Your career goals essay is a pitch, right? You’re asking the adcom to choose you among all these competitors, to believe in you and invest a scarce resource in your future.
Why not study how an elevator pitch is put together? There are obvious corollaries. You’re looking to stand out from the crowd with a compelling offer. You want someone to “invest” in you (i.e., the adcom, by offering you a seat in their incoming class). It has to make sense, and entice the audience to action.
We heard a captivating segment on This American Life, one of NPR’s most entertaining programs, discussing the MIT business plan competition (from this segment, it sounds like the bplan comp is university-wide, not restricted to Sloan MBAs — still relevant though). You can listen to the stream for free; it’s Act One which starts about 9 minutes into the broadcast. (And you’ll probably want to keep listening for Act Two — it’s pretty darn funny.)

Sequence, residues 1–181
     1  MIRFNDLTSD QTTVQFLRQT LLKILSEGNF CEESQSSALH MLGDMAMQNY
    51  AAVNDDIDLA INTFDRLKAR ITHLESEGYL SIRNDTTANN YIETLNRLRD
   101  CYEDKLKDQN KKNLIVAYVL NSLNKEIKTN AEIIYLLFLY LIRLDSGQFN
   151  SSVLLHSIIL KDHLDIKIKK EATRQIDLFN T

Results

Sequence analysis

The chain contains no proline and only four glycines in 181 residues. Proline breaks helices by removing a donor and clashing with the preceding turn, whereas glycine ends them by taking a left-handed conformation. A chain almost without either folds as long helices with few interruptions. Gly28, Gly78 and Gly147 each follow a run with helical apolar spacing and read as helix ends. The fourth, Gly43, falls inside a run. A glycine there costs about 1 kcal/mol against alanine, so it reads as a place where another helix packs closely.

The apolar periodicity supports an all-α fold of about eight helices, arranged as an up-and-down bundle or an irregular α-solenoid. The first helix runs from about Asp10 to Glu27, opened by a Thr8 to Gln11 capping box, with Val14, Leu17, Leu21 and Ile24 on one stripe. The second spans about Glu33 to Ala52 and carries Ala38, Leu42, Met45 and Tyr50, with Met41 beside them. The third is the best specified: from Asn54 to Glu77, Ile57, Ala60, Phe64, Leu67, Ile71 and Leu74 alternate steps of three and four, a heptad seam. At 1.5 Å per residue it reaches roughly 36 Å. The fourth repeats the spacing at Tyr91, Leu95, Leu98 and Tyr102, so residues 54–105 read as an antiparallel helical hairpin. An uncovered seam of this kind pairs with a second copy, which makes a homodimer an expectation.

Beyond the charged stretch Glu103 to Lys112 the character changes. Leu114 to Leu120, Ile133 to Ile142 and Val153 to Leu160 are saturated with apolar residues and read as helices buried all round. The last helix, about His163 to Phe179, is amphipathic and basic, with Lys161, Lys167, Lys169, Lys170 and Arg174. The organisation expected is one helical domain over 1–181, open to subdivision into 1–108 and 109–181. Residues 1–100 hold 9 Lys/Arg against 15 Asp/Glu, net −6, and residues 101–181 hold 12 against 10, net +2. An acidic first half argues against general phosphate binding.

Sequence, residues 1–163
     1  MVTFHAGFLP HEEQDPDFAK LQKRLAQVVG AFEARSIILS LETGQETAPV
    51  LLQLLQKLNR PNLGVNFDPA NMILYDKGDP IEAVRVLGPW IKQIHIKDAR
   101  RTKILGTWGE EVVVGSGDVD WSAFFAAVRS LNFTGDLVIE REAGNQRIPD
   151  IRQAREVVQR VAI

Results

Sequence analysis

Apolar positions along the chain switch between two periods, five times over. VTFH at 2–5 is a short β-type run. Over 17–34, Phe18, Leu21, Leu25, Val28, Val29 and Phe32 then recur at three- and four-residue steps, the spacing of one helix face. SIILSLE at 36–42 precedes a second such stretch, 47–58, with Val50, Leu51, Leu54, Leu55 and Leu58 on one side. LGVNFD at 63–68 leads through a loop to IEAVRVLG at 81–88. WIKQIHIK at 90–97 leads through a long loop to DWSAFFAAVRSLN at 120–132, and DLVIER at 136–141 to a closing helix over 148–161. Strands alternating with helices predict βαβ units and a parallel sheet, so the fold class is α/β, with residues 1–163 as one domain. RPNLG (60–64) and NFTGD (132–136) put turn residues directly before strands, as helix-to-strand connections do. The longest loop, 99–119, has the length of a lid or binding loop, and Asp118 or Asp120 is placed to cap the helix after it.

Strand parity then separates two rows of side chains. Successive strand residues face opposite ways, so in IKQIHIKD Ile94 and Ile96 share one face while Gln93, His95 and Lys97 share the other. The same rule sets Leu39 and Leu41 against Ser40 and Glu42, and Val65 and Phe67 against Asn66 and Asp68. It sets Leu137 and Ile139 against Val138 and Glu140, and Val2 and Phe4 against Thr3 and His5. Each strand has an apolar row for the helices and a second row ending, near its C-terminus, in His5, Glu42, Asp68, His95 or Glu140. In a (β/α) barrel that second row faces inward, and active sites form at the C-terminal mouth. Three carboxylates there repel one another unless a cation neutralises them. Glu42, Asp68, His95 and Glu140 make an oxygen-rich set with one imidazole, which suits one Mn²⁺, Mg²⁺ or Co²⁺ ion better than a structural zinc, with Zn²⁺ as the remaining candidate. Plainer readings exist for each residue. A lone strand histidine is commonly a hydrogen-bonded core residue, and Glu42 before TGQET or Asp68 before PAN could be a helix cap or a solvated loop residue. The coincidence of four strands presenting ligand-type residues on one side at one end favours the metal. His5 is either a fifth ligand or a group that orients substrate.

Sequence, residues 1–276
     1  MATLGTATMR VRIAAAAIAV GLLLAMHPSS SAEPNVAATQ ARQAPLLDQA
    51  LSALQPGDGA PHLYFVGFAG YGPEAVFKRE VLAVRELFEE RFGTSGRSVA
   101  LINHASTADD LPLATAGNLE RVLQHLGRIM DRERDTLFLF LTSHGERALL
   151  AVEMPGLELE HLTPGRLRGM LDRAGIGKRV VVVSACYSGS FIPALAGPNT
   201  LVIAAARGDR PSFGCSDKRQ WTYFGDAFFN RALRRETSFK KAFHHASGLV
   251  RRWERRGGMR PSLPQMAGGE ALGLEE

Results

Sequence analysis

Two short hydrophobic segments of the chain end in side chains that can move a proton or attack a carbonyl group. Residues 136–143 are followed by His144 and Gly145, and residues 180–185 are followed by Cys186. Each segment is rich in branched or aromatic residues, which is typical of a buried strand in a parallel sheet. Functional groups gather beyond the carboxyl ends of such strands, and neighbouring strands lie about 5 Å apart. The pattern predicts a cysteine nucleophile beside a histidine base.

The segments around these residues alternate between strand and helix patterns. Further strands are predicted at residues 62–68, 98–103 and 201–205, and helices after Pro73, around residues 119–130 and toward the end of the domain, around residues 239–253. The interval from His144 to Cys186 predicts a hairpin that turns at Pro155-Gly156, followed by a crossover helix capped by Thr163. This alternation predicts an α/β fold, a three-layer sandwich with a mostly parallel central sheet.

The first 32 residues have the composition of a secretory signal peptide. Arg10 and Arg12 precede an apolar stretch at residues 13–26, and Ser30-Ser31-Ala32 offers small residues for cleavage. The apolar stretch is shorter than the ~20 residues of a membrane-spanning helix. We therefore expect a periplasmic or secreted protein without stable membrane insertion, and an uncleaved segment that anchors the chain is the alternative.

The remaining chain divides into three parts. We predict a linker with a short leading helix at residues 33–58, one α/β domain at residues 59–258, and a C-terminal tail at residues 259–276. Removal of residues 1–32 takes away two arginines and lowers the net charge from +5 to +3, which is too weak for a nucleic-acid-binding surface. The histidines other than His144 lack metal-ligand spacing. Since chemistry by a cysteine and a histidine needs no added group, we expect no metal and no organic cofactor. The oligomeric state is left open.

You’ll also want to practice your elevator pitch career goals statement so that you can deliver it concisely when asked about your future plans. This will definitely come up in your interviews, and you should have it at hand before heading out to an info session, MBA fair, or school visit. You need to be able to intelligently discuss your reasons for getting an MBA, and it should roll off your tongue effortlessly, in a compact and cohesive little sound byte. Having practice putting together your career goals pitch is a nice bit of preparation for constructing a real elevator pitch after bschool, when you’re looking for capital to launch your great idea onto the marketplace.